When we think of chocolate, we often step back into our fondest memories of how its flavor slowly coats our entire mouth as it melts on our tongue and gives us a warm relaxed feeling when we can’t help but consume more of its richness. We can literally see chocolate everywhere in our daily lives whether it’s in stores, on TV or mentioned in conversation when one of us gets the craving.
Consuming chocolate has been around for centuries since its unique taste was first discovered from the cocoa bean. Once valued as much as gold by the ancient Mayans, the delicious substance eventually made its way to Europe where cocoa and sugar cane were made only available to the upper class elites, as explained on History.com.
However, since chocolate has become more readily available, it’s also become one of the sweetest staples for our holiday tradition of Valentine’s Day. As Americans, we consume an average of 2.8 billion pounds of chocolate each year with 58 million pounds being sold in the week of Valentine’s Day.
Surprisingly, the tradition of gifting chocolates on Valentine’s Day actually began with Clara and Russell Stover who began wrapping “Bungalow Candies” in their Denver kitchen in 1923 and then moved to Kansas City to open several factories, selling Valentine’s chocolates in heart-shaped boxes to department stores across the Midwest.
This was a process derived from the Cadbury Chocolate Company in the U.K. who began making the heart-shaped chocolate boxes in 1861, according to Smithsonian Magazine.
Since then consumers can now find hundreds of varieties of chocolates to give their special loved ones during the second week of February.
“Everybody likes chocolate,” said Buddy Scott, owner of Jefferson City Cold Stone Creamery, who also co-brands with Rocky Mountain Chocolate Factory.
The shop not only offers its famous ice cream and cakes from Cold Stone Creamery, but a variety of chocolate confections made from Rocky Mountain Chocolate as well.
“Chocolate covered strawberries are always the deal for Valentine’s Day and lots of other chocolates goes out,” Buddy said.
“Our truffles are handmade. They’re soft centered in about 12 different flavors and they’re just a nice little morsel that you can buy individually, so I’d have to say they’re my favorites,” Buddy added.
For any chocolate lover, it may also come as no surprise that studies on chocolate have proven it increases the levels of endorphins in the brain giving you those warm fuzzy feelings.
In fact, a study by Dr. David Lewis, a psychologist formerly of the University of Sussex, concluded that eating chocolate can give people longer and more intense sensations than that of a passionate kiss.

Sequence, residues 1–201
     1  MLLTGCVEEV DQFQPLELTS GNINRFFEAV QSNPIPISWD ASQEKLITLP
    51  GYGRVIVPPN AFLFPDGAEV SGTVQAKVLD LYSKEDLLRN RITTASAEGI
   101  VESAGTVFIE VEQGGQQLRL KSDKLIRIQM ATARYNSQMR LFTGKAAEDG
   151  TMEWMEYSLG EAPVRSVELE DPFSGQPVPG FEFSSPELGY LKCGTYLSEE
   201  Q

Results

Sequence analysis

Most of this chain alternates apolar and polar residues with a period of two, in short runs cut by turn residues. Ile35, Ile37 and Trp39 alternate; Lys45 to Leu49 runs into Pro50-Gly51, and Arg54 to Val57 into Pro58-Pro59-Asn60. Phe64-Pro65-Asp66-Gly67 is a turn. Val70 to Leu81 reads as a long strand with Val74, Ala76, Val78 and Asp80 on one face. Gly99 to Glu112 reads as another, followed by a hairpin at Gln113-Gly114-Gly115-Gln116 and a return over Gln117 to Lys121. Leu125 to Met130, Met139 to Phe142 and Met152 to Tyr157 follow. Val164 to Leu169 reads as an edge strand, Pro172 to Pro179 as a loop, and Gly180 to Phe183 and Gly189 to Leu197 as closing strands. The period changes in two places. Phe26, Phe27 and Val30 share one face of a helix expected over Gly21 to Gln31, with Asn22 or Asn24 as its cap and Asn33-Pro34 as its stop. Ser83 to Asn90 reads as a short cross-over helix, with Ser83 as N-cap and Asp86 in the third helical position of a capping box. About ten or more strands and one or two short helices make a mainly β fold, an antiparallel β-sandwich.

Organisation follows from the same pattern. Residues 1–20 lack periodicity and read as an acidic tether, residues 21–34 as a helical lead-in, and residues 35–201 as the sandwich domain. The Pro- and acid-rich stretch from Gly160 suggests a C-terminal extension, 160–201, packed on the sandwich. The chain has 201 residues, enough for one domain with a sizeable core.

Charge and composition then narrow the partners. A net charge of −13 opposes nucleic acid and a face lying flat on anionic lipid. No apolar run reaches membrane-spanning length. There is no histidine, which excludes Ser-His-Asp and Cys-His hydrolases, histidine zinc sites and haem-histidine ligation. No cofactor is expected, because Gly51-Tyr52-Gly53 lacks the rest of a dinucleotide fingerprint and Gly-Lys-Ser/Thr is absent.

“It’s one of those feel good things,” said Racheal Mattox, one of the bakers at Smallcakes Cupcakery and Creamery. “And it pairs well with a lot of other things like peanut butter or cherry, so it’s not just one of those one and done things; there’s a lot of different variations that you can do with chocolate.
“There’s cupcakes, cake pops, truffles, there’s … candy bars, chocolate drizzle, chocolate milk … any way you want it you can have it. I think that’s really what draws a lot of people to it,” she added.
With such a variety to choose from it’s no wonder chocolate can make a perfect and inexpensive gift for every friend and family member, even including the dog.
Although milk and dark chocolate will not sit well and can actually poison your furry companion, white chocolate does not contain the chemical theobromine, which is what can make dogs sick. Therefore, treats like the doggy bags of white chocolate dipped milk bones found at Cold Stone Creamery or the white chocolate peanut butter cups that can be found at Premium Pets pet store and supply company are perfectly safe.
As for the rest of the special people in your life, buying or making the perfect chocolate gift will surely make them feel loved on Valentine’s Day. After all when it comes to the giving of chocolate, there’s no limit to how you can say, “I love you.”
For more information about Cold Stone Creamery (610 Wildwood Drive in Jefferson City), call 573-636- 2653 or visit coldstonecreamery.com/stores/22081. For more information about Smallcakes Cupcakery & Creamery (905 Eastland Drive Suite B in Jefferson City), call 573-893-1326 or visit smallcakesupcakery.com. For more information about Premium Pets (700 E. McCarty St. in Jefferson City), call 573-896-1092 or visit premiumpetsjc.com.